A historic event took place in Washington D.C. over the weekend, one that captured the world's attention and drew around half a million people in attendance. I'm speaking, of course, about the Women's March on Washington, which is believed to have attracted two to three times as many people as President Trump's inauguration the day prior. Sister marches were held elsewhere in the country and even worldwide, and concrete estimates of the Women's March turnout from around the world are now trickling in.
Professors Jeremy Pressman and Erica Chenoweth of the Universities of Connecticut and Denver, respectively, compiled a list of crowd estimates from all of the Women's Marches held elsewhere in the world. The count is still in progress, but they estimated that, at time of writing, at least 263,507 people came to Women's Marches outside of the United States. That's about 13,000 more people than the number of people who are estimated to have turned out for Trump's inauguration as the 45th President of the United States.
The usual caveat about crowd sizes applies here, which is that it's impossible to accurately measure crowd sizes. Furthermore, these numbers come from a variety of sources, including eyewitness accounts, so take them all with a grain of salt.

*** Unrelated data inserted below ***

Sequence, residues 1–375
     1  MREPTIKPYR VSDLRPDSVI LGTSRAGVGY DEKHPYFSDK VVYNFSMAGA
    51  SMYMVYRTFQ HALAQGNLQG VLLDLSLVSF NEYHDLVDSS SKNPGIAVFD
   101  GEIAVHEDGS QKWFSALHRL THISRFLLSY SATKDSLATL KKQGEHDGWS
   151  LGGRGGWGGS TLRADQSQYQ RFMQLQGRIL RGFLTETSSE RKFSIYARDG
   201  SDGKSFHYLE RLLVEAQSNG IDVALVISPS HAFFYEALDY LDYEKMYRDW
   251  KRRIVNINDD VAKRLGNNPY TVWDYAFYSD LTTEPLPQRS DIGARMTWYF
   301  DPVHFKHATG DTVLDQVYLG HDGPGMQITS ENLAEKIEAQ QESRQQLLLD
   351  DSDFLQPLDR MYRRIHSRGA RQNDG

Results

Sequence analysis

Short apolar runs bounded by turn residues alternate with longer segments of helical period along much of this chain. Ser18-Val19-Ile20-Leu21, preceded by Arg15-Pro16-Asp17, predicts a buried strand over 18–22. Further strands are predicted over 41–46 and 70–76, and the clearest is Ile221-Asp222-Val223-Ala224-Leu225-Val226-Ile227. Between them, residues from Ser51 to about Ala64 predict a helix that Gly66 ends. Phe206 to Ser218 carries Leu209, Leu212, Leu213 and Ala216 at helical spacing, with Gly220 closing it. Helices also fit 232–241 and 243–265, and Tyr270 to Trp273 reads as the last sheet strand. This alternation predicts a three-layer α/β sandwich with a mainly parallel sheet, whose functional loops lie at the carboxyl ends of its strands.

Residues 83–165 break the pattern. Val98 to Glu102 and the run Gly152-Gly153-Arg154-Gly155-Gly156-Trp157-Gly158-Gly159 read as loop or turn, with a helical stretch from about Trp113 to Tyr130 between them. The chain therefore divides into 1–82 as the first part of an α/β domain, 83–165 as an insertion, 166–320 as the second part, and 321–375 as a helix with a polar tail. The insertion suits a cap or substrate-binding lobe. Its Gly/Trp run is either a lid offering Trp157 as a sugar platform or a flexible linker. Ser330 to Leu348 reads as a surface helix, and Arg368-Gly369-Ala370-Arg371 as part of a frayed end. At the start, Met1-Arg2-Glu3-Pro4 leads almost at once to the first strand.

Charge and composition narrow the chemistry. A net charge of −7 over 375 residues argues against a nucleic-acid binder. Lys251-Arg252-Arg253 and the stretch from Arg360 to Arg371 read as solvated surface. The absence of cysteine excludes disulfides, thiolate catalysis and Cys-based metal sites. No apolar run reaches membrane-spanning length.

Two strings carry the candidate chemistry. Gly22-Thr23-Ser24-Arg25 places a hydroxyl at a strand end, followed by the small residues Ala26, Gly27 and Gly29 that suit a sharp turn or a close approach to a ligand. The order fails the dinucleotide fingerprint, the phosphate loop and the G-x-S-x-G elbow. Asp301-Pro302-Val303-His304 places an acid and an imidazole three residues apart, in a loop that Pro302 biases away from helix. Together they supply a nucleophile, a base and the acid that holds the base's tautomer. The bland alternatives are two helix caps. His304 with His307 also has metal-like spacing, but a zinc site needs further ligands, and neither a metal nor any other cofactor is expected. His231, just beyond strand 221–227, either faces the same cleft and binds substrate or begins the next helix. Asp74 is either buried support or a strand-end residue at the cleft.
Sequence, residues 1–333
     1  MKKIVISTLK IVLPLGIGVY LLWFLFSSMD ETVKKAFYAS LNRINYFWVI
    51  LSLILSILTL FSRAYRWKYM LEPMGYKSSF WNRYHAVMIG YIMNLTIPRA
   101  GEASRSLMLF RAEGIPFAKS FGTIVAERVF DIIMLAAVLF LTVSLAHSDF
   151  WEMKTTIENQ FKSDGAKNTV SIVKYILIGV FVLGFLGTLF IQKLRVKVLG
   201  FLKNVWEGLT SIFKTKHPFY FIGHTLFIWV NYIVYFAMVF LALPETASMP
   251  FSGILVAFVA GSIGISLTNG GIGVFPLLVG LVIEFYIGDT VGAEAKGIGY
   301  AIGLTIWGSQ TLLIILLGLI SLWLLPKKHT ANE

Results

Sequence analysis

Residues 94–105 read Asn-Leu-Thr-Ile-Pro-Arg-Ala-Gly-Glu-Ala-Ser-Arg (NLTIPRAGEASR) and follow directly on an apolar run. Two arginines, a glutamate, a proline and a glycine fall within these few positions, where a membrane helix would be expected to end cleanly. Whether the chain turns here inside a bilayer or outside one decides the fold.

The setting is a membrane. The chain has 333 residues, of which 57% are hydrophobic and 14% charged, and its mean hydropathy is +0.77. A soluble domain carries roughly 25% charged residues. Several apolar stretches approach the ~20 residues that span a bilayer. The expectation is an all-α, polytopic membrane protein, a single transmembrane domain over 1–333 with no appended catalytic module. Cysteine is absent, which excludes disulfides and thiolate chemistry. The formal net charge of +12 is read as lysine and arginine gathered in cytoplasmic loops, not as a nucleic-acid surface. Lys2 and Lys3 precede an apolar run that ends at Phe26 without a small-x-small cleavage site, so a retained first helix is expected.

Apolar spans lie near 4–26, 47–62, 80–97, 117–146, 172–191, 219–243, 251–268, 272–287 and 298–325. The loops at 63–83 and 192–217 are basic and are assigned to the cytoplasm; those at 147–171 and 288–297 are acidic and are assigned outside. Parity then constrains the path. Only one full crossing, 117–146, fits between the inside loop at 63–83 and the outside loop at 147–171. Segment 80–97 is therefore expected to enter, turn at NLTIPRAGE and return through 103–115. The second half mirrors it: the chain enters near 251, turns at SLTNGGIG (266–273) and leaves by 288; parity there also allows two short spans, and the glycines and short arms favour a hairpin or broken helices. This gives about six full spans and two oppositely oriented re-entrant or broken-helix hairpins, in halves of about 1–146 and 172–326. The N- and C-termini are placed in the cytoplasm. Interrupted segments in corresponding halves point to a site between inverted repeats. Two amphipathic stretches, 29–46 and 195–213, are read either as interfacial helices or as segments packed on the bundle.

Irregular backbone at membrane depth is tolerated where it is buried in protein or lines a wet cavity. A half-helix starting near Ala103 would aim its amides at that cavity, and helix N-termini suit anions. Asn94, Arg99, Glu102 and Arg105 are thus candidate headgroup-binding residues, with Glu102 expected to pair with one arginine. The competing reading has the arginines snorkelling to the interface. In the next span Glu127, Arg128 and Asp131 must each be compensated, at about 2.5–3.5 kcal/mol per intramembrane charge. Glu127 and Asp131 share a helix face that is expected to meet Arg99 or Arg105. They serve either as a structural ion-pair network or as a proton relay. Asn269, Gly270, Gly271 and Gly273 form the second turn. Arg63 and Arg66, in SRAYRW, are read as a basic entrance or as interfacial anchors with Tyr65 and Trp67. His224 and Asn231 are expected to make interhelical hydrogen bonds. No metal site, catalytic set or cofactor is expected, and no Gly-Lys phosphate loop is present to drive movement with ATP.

If you have additions for our spreadsheet on yesterday's march count, submit here:https://t.co/MWCHcMShO8— Jeremy Pressman (@djpressman) January 22, 2017
The number of people who attended international Women's Marches is impressive — and so is the staggeringly diverse list of places in which they were held. Sure, you had protests in Canada, Mexico and Germany, which was to be expected. But they also popped up in places like Ghana, Iceland, and Cambodia. There were women's marches in Malawi, Guatemala, and Hungary. The Isle of Eigg (part of Scotland) even had an anti-Trump protest, and so did Iraq.
Pressman and Chenowith also calculated estimates for Women's Marches that were held in the United States, and concluded that they collectively drew between 3.3 and 4.6 million people. That's more people than the populations of Iowa — and 21 other U.S. states, according to census data.
Of course, marches like these are only a means to an end, not an end itself. Only time will tell whether this progressive movement sustains momentum after his presidency begins in earnest. Still, these numbers are a very encouraging early sign to those who oppose Trump.
And they must be infuriating to Trump: The number of Americans who came out for his inauguration is fewer than the number of foreigners who attended anti-Trump protests. For a man whose obsession with crowd sizes is well-documented, that's got to sting. He'll probably never admit it, but we all know it's true.